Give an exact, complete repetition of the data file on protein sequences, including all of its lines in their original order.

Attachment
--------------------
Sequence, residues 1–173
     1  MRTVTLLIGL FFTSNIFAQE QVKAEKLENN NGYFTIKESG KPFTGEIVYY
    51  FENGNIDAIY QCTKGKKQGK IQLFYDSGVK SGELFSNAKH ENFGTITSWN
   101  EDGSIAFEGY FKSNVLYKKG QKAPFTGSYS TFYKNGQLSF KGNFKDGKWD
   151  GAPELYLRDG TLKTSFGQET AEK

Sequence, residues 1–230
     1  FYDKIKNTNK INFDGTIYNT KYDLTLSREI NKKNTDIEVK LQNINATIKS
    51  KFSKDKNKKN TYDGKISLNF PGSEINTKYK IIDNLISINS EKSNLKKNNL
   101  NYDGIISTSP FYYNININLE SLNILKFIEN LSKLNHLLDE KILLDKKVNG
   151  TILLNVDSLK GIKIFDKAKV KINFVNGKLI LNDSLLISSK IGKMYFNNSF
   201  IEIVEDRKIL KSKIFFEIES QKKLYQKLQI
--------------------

Sequence, residues 1–173
     1  MRTVTLLIGL FFTSNIFAQE QVKAEKLENN NGYFTIKESG KPFTGEIVYY
    51  FENGNIDAIY QCTKGKKQGK IQLFYDSGVK SGELFSNAKH ENFGTITSWN
   101  EDGSIAFEGY FKSNVLYKKG QKAPFTGSYS TFYKNGQLSF KGNFKDGKWD
   151  GAPELYLRDG TLKTSFGQET AEK

Sequence, residues 1–230
     1  FYDKIKNTNK INFDGTIYNT KYDLTLSREI NKKNTDIEVK LQNINATIKS
    51  KFSKDKNKKN TYDGKISLNF PGSEINTKYK IIDNLISINS EKSNLKKNNL
   101  NYDGIISTSP FYYNININLE SLNILKFIEN LSKLNHLLDE KILLDKKVNG
   151  TILLNVDSLK GIKIFDKAKV KINFVNGKLI LNDSLLISSK IGKMYFNNSF
   201  IEIVEDRKIL KSKIFFEIES QKKLYQKLQI